Early literacy is the foundation. It’s similar to the foundation of a house. If you have a cruddy foundation then your house isn’t going to be stable. Just like if you don’t have a strong early literacy foundation, then you won’t have a base for building a fluent reader. Let’s establish that strong early literacy foundation.
What is Early Literacy?
Early literacy is the foundational groundwork for which all future reading growth is dependent upon. It is all those prerequisite skills that students need to have in place before decoding words on a page can occur.
What Are the Pre-Reading Skills and Foundations?
Recognizing letters and connecting those letters with sounds they represent is one of the first places that many families and educators start.
I’m often asked where to start when teaching letters and sounds. My answer is always to start with the letters that are most important to the child. Those letters are the letters in their name.
Use these resources for learning more about teaching the alphabet.
Phonological awareness is the ability to hear differences in the ways words sound. Just as young children need to hear language before they can talk, they also need to hear language before they can read.
Children with phonological awareness can do things such as identify initial sounds in words, can count syllables in words, and can identify words that rhyme.
Children can hear and understand vocabulary long before they can read and write those words. Have you ever meet a 4-year-old that can pronounce every dinosaur name?
The most important way to develop oral vocabulary is by reading aloud to children every single day as well as having meaningful give and take conversations with them.
Book Knowledge/Book Handling
How do we turn the pages in a book? Where is the front of the book? Can a child identify the pictures and the text? How do we put books on the shelf? How do we hold them? These are all the things we think about when we are talking about book knowledge and book handling.
And yes, we can teach little ones how to take care of books.
Love of Books and Reading
Cultivating a love of reading and adoration of books is a gift we can help every child discover. What is the best way to do this?
- Read aloud with passion each day to children.
- Share read-alouds that children love.
- Provide a rich diverse library for children to discover and explore.
- Give students time with books every day.
- Have fun with books.
Literacy Rich Interaction
Lots of daily interaction with books and great conversations are key to helping children fall in love with books and reading.
We can also build early literacy skills by extending books and bringing them to life. Growing Book by Book has loads of book activities for your favorite books to share with children.
Fine Motor Development
I’d be remiss not to mention the need for developing fine motor and early writing skills. Both must develop alongside oral language and a love of books. For writing and reading go hand in hand.
When Does Early Literacy Start?
Early literacy starts at birth. That is why at Growing Book by Book we share early literacy activities and book recommendations beginning at birth. Start early to rack up those minutes.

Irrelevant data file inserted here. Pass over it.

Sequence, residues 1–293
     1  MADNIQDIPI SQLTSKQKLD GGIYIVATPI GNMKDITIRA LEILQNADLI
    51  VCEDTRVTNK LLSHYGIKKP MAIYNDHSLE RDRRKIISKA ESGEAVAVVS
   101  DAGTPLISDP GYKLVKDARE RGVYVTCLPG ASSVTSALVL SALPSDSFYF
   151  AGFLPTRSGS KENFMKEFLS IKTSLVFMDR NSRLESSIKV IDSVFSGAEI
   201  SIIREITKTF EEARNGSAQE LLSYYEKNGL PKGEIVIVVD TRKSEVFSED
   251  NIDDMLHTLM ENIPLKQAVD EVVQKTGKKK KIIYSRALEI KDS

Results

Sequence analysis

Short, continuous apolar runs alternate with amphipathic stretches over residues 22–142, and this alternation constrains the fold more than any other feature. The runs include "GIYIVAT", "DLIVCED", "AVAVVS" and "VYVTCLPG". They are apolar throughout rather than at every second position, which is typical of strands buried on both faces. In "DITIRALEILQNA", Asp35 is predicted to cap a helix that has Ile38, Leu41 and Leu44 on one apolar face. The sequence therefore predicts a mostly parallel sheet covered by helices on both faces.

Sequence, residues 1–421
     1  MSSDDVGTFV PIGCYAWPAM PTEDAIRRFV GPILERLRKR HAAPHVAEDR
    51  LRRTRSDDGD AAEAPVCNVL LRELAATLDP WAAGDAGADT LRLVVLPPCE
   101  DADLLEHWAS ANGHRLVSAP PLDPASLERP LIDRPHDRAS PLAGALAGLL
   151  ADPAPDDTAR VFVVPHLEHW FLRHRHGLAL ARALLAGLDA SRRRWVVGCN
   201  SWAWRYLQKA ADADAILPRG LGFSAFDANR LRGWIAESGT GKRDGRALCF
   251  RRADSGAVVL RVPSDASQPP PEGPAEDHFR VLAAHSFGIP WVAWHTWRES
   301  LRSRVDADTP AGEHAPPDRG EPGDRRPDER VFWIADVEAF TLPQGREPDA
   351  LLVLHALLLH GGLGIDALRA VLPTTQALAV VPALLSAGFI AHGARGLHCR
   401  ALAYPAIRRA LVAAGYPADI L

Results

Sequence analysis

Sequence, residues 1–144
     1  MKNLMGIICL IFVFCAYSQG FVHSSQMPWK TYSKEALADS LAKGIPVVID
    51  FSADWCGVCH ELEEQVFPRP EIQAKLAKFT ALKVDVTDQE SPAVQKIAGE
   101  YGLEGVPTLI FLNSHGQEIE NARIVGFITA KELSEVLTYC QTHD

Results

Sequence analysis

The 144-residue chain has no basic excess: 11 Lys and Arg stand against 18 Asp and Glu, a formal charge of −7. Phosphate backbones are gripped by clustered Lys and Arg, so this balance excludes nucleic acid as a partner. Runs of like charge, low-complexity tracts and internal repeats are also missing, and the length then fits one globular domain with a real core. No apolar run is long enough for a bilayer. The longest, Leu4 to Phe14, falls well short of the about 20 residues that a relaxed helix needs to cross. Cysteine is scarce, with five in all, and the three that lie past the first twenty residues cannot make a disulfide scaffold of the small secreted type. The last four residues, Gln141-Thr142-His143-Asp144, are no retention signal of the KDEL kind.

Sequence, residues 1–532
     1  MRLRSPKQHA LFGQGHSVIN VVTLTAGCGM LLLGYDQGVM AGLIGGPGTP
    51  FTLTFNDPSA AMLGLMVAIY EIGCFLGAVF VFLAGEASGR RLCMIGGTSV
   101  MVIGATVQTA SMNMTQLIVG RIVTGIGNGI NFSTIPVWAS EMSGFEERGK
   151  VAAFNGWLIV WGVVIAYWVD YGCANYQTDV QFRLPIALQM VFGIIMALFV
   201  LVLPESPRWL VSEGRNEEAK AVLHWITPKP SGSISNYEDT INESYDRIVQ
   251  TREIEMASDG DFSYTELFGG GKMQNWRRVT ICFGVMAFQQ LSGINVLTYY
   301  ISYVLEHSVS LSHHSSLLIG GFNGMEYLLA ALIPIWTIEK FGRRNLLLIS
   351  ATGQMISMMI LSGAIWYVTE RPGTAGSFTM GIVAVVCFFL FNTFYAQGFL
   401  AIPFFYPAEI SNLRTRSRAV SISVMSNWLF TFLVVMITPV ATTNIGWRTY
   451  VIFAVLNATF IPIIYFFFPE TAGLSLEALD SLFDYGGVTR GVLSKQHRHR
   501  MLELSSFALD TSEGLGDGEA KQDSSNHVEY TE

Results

What Activities Support Each Age/Stage in Early Literacy Development
Growing Book by Book makes it easy to find the resources you need for each stage of development. We have book lists, book activities, and early literacy resources for each age group.
Delivery of this teaching is best done through play, reading aloud, and talking with children. In fact, Every Child Ready to Read promotes early literacy in libraries and sites play, talking, and reading as three of their recommendations too.
Babies love to discover the new world around them.—>Click here for baby literacy resources.
Get down on the floor and play with those toddlers. From alphabet puzzles to dramatic play storytelling, you’ll be amazed at all the literacy skills toddlers soak up through play.—>Click here for toddler literacy resources.
It’s a whole new world inside a book. Discover that literacy-rich world with preschoolers.—>Click here for preschool literacy resources.
Or, if you want done for you lesson plans to take you through the entire school year, you’ll want our Preschool Literacy Units. They are packed with early literacy goodness.
Build literacy skills with beginning readers. Help new readers find books they love and build upon that strong foundation you have developed.—>Click here for beginning reader literacy activities.
What are the Signs Children Are Ready to Read?
How do we know when children are ready to attack decoding and become readers? First, let me say that there is no need to think that starting children earlier is better. Make sure these other pieces are in place first. It’s not a race.
Signs Children Are Ready to Read
- The child has a strong grasp of letters and the sounds they represent.
- The child has a rich experience with listening to stories and interacting with books to see how they work.
- The child has strong phonological awareness.
- The child has a desire to learn to read.
If all four of these signs are visible, then a child may be ready to learn how to decode text.
How Do We Encourage and Support Family Involvement in Early Literacy Development?
Family support for early literacy development is critical. And, it’s part of our job to help families discover, explore, play, and build early literacy skills with their children.
Or, grab our Empowering Families to Build Literacy Skills at Home resource pack.
Let’s start this learning to read journey off on the right foot. Being a member of the Growing Book by Book community means you are committed to helping every child fall in love with books and reading. Become a VIP member of our community and sign up for our free email list.—->Subscribe to Growing Book by Book